Libretto is an emcee from Portland, Oregon who dropped his debut album all the way back in 2004, back when Dim Mak was releasing post-punk/indie rock. Unfortunately, despite the signing, things didn’t take off the way they should have amidst a changing musical landscape, and in a few years, Libretto found himself struggling to maintain and wound up in prison. Fortunately, since he got out, Libretto has found support in the way of Liquid Beat Records, also based in Portland, who have already released a couple of singles, EPs, two volumes of Gangsta Jazz albums with him, and an album with Pittsburgh producer Buscrates called Eternal Ridin’. Now Libretto is back once again, this time teaming up with legendary Seattle producer Vitamin D to release an album called Rusty Bladez.

If you look at the album cover for Rusty Bladez, you’ll see a snapshot of Libretto’s prison ID card. As you might imagine, losing a large chunk of his life to the Federal Penitentiary system took its toll on Libretto, and with Rusty Bladez, he’s finally ready to do a deep dive and really explore how he got there, what the day to day experience was like, and how he’s had to adjust back to life on the outside. This isn’t entirely new subject matter within the world of hip hop, but rarely has it been covered so thoroughly, so emotionally, and so completely. Hell, it’s not even new subject matter for Libretto, it’s just how focused and thorough this album is. In working with Vitamin D, they are able to strike just the right tone, with D’s beats finding just the right balance between sounding soulful and laid back or aggressive and dark, depending on the particular track. He knows just when to dial things back and let Libretto get into his feelings, but he also knows when the music needs that edge when Libretto needs to go in about the systemic injustices he’s faced, or just the frustration involved in trying to get his life back on track. We get a few notable guests across the album, including Guilty Simpson, Jumbo (of Lifesavas), Lauren Adams (of Sol Development), Keisha Plum, Syndel, King Dusty, Soot Urus, Toni Hill, Lia, Ladybird Lex, Planet Asia, Roc Marciano, and the late great Gift of Gab. With each artist bringing in an additional voice and point of view in dealing with this subject matter, it helps listeners to see just how deeply rooted the prison industrial system is in this country, and just how disproportionately it affects the Black community. While all of this is great, what really makes this album special is just how much of himself and his experience that Libretto is willing to put out there. Libretto was a dope emcee before he went away, and he was sharp when he got out and stepped back to the mic, but now that he’s combining that skill and charisma and experience with his willingness to let you walk in his shoes for seventeen tracks and take it to a level he’s never done before, you really get a special listening experience. It’s something that will draw you in with the first listen, but you really need to sit with it a few times to really soak it all in.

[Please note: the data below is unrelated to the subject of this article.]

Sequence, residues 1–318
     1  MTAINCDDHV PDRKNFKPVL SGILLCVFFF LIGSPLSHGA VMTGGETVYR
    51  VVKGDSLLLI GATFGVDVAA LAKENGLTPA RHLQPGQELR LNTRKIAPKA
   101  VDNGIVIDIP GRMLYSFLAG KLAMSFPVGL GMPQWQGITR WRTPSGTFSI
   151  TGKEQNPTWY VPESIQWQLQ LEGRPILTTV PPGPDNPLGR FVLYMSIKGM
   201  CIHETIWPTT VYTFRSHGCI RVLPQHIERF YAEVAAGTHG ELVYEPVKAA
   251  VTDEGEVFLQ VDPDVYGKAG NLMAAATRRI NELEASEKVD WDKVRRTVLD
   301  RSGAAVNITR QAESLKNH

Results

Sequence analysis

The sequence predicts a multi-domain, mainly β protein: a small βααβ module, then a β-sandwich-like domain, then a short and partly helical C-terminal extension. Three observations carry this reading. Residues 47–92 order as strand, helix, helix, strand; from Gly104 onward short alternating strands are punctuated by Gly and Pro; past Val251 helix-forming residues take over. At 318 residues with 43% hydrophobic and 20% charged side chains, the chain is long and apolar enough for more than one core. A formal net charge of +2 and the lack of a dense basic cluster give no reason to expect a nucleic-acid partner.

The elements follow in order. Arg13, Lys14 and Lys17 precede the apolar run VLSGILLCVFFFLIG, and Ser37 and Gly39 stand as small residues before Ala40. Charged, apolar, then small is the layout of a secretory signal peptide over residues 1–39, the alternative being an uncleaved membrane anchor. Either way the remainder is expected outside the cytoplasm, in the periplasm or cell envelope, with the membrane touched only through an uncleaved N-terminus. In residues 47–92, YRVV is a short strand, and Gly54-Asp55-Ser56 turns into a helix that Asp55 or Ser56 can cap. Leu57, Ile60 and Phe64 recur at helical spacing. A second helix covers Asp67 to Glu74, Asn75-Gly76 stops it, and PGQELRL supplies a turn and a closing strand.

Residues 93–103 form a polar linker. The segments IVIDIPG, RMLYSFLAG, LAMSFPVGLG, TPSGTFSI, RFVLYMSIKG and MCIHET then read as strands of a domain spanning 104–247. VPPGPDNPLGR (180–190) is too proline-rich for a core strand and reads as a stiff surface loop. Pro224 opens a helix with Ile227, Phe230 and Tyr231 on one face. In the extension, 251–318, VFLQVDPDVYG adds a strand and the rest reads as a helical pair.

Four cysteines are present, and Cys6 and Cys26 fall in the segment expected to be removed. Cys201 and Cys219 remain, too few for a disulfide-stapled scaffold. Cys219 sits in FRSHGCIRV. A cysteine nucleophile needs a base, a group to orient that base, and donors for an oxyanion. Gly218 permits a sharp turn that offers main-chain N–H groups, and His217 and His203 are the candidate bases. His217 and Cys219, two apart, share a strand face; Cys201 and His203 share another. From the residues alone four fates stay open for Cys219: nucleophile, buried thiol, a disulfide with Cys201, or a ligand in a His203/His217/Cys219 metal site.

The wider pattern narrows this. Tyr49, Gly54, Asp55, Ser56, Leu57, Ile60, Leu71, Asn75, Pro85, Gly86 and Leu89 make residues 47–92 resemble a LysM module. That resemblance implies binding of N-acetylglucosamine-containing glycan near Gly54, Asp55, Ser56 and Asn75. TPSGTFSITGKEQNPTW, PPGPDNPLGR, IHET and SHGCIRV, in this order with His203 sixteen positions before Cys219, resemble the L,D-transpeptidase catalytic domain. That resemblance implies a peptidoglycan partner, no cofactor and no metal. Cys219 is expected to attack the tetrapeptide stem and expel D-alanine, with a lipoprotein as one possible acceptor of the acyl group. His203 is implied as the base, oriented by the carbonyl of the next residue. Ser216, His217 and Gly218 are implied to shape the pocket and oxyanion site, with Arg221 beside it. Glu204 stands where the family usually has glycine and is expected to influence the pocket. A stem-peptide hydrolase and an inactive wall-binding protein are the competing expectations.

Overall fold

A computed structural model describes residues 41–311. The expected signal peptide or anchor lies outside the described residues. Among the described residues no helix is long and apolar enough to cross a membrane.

Rusty Bladez is a great album from Libretto and Vitamin D. Vitamin D is a talented and experienced producer who knows how to meet Libretto right where he’s at, which allows Libretto to feel comfortable enough to open up some wounds and talk on a very real level about our criminal justice system. It’s about how it not only permanently affected him, but also how everything leading up to his arrest all the way through to his rehabilitation after getting out is not just about his personal journey, it’s part of a much bigger and nastier problem that we as a country need to face.